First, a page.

We were discussing this in another thread and someone pointed out that I was forgetting that the max draw of the ethernet port under 100% load will be 231 mA.  Now the model A has a little room allocated for a keyboard plugged into which means even with the additional power the model B (without a heavy load on the USB ports) *should* squeak in under 500 mA, but my original statement of the model B power draw should be around 300 mA was incorrect (unless you're not using the ethernet port ).  Sorry about that.

As for why they went with the 1A fuse instead of a 1.5... I don't know sorry Maybe Gert or James or Liz will see then and drop some official goodness on us but my only speculation is that their focus is on getting a device who main accessory is a keyboard (and possibly mouse) into the hands of needy children.  As such they aren't considering a heavy draw on the USB port in which case a 1A limit makes sense.  If the board is drawing a full amp then something is probably amiss and they need to clamp that shut!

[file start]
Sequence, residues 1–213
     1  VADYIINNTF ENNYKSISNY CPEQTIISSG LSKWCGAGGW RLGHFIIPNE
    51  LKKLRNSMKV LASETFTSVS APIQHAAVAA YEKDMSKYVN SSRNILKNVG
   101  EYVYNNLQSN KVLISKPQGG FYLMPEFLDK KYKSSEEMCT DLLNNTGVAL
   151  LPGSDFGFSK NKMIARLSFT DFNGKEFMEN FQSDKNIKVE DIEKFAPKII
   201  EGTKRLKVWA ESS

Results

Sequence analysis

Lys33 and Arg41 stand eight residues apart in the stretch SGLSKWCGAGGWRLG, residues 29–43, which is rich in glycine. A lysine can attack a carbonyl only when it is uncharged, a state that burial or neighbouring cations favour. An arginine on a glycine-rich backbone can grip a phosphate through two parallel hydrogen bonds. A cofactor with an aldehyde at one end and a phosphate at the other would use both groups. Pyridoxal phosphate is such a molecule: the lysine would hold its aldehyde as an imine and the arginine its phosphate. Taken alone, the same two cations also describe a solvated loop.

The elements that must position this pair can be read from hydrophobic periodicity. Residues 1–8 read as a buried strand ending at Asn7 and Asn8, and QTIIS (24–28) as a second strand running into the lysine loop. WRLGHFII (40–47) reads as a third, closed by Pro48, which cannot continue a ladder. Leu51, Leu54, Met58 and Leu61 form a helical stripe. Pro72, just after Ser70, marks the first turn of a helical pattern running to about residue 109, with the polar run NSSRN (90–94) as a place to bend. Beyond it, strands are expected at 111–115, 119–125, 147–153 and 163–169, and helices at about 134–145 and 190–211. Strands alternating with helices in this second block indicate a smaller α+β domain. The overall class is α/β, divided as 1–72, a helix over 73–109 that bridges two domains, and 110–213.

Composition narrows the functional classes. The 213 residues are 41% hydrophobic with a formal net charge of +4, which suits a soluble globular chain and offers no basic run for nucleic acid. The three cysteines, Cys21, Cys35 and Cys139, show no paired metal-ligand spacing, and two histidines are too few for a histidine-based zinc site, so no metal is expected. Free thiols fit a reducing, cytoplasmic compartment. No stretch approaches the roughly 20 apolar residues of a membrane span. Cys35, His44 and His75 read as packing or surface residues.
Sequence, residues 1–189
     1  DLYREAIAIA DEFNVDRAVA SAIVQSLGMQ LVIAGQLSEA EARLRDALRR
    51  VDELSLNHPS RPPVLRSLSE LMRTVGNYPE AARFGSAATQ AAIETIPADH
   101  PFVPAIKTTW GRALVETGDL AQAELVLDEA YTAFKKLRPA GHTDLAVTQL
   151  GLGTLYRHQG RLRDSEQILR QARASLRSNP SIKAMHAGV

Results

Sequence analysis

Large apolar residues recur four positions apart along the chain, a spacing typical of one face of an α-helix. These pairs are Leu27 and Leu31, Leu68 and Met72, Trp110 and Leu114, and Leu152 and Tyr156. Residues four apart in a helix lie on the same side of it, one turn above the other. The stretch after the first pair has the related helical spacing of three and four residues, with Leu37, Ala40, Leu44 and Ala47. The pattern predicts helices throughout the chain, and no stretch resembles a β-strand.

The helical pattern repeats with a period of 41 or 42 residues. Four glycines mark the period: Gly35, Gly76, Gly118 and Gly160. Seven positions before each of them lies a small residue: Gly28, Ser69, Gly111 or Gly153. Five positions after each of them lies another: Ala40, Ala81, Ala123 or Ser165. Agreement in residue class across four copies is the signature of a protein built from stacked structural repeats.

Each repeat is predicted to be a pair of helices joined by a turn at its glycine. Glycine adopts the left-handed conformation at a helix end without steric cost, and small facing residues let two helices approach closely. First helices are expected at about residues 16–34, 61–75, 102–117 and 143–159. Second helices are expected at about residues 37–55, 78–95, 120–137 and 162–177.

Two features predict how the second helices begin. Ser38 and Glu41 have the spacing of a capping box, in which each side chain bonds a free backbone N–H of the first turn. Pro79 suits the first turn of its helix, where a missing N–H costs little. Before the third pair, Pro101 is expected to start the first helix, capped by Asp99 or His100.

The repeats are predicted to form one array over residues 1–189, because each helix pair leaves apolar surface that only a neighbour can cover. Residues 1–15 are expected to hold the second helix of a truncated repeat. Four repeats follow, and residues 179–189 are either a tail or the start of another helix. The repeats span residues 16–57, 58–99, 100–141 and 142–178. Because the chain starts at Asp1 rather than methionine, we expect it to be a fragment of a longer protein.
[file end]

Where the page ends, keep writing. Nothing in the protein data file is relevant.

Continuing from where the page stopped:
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Vindicator
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Re: RPi Power by USB Hub?

Mon Jan 30, 2012 5:11 am

I have been researching the powered hub issue and one problem is that a 4 port powered hub cost more than a 7 port or even in most cases a 10 port powered hub, I believe this is because 4 port hubs are desired more often than a seven or ten port hubs.

There are many 4 port hubs that can be powered that are close to credit card size but they cost comparably more than larger hubs and usually do not include the power adapter.

A seven port hub with power adapter that is 3 to 3.5 amps at 5 volts cost less than a 4 port hubs power adapter that only has 2 amps (mind that I am only saying the power adapter for a 4 port cost more than a 7 port hub with adapter)

The dimensions of USB hubs in general are not that well documented, even from the manufacturer sights quite often.

4 port hub

http://www.mcmelectronics.com/.....t/831-2054

data on hub

http://www.tripplite.com/en/pr.....delID=2524

size

3.5"L x 1.5"W x .5"H

can be found for around $20 us